Celebrating our volunteers this National Volunteers Week

What does 26,500 hours of donated time look like?

The answer can be seen in the ongoing success of CBM Australia’s work – as that is the number of hours generously donated to the organisation by volunteers between January and December 2019.

“In monetary terms, the hard work and dedication of our volunteers save CBM Australia an awful lot,” says Sue Reid, who along with colleague Elizabeth Churchward coordinates volunteers at CBM Australia.

“We support each department of the organisation to ensure staff can focus on their normal jobs, and we assist with jobs and tasks wherever we can to make sure staff spend their time as efficiently as possible.”

Sue, who has been with CBM Australia for 17 years, has coordinated hundreds of volunteers during her time. On average, there are around 70 volunteers in any given year, with 73 registered at the moment.

Ahead of National Volunteer Week (May 18 to 24), an annual celebration of the valuable contribution made by volunteers across the country, Sue says that CBM Australia’s volunteers come from all walks of life.

“We get lots of people through word-of-mouth, who have heard about our work through friends and family. We also get people who may have supported us financially before but their circumstances may have changed, and lot of people who are interested in volunteering more generally, and are keen to do anything and everything.

“Our volunteers range in age from school students who may spend time with us as part of their work experience, to university students through to older retired people who enjoy the social interaction of volunteering and often make longer-term friends.”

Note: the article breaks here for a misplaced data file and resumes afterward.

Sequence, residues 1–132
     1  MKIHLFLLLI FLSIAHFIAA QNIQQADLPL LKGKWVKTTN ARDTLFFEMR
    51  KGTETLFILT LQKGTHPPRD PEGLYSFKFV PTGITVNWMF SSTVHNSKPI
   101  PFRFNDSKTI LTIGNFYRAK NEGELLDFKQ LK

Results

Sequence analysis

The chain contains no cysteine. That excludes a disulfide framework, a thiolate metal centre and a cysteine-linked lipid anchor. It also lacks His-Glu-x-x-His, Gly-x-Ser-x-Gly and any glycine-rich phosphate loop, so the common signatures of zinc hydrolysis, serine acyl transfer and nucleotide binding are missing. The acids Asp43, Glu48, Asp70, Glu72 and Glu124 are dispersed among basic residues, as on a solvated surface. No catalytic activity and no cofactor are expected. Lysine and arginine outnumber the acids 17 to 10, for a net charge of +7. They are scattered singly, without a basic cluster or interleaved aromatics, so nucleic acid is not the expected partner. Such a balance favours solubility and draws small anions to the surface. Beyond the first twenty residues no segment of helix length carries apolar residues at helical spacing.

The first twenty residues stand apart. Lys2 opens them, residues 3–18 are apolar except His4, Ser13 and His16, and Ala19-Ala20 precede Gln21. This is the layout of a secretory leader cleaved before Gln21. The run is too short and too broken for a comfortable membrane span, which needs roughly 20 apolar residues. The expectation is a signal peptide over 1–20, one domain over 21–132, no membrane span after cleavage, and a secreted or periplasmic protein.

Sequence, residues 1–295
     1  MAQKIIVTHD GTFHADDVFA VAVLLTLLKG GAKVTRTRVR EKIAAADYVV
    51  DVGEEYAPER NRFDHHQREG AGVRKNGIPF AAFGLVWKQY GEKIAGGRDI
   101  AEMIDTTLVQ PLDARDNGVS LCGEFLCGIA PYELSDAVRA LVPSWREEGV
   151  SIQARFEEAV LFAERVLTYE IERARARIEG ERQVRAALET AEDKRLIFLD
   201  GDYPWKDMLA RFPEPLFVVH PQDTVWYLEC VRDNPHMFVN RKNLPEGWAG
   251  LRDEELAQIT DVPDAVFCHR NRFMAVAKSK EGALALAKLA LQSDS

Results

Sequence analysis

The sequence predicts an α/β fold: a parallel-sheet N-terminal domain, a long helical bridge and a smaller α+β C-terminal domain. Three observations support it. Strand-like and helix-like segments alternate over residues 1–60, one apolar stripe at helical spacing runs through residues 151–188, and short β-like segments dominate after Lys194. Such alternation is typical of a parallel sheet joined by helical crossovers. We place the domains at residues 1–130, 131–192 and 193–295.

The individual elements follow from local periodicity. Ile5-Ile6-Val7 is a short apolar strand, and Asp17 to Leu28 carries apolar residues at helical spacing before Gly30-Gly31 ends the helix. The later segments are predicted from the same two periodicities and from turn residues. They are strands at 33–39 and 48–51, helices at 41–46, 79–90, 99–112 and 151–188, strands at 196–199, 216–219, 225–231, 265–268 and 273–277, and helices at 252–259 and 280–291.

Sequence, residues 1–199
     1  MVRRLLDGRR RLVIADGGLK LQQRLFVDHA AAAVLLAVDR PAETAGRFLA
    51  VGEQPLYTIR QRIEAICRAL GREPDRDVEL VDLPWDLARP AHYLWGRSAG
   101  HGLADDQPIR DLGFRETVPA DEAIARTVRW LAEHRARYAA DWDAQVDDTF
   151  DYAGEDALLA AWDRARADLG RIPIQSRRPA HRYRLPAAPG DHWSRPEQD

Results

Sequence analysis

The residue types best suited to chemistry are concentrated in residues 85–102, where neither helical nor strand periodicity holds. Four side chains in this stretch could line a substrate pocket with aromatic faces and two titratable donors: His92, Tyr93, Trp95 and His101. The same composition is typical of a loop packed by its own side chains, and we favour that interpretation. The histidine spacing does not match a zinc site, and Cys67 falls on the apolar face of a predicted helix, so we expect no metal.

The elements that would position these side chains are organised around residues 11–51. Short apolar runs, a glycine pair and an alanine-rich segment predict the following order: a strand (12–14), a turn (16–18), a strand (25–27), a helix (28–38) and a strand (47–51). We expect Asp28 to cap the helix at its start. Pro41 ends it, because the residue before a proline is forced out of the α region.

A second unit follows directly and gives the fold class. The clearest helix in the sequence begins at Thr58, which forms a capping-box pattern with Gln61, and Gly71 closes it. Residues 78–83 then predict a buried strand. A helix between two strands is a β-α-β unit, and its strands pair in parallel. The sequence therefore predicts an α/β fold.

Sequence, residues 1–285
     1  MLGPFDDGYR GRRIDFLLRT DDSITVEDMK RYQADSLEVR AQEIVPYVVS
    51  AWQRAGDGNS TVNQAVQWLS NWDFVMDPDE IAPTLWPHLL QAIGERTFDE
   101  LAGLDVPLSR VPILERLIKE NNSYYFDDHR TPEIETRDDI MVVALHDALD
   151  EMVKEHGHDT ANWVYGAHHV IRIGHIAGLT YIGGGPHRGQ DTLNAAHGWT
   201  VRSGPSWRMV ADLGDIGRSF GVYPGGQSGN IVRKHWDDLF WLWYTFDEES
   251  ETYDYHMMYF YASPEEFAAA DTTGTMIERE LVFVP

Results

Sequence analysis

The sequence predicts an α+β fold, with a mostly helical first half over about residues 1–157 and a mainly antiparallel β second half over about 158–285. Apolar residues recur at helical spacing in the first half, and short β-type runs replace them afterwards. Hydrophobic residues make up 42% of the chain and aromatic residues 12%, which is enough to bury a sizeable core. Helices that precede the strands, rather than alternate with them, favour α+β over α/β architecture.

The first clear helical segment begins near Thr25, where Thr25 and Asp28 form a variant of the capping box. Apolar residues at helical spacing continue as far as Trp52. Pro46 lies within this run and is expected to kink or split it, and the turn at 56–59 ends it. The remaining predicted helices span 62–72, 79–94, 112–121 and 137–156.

CBM Australia has a number of longer-term volunteers, including two active volunteers who have been with the organisation for more than 20 years each, and Sue says the average volunteer tenure is around five years.

Volunteers predominately assist with administrative tasks, including mailing fundraising receipts, data processing and analysis and transcribing audio-visual content from meetings in the field.

The success of CBM’s annual Miracles Day, held each August to raise funds to restore sight for children and adults in some of the poorest parts of the world, is also underpinned by volunteers.

“We generally work from around 5am to 10pm on Miracles Day, providing food including morning tea and afternoon tea for people taking donations and others involved in the day. Last year we fed up to 80 people – we cater food and prepare food ourselves.”

The COVID-19 pandemic has changed work practices around the world, including at CBM Australia.

“We are trying to keep in touch with everyone via the phone, to understand how people are going. In the office we usually have prayer time on Tuesdays and Thursdays and we have been sending people lists of prayers at home so they can keep connected.

“What I would say to our volunteers at the moment is that we always love and appreciate their hard work and enthusiasm, we are missing them and we look forward to seeing them again soon”.

Learn more about the work of CBM Australia’s dedicated volunteers.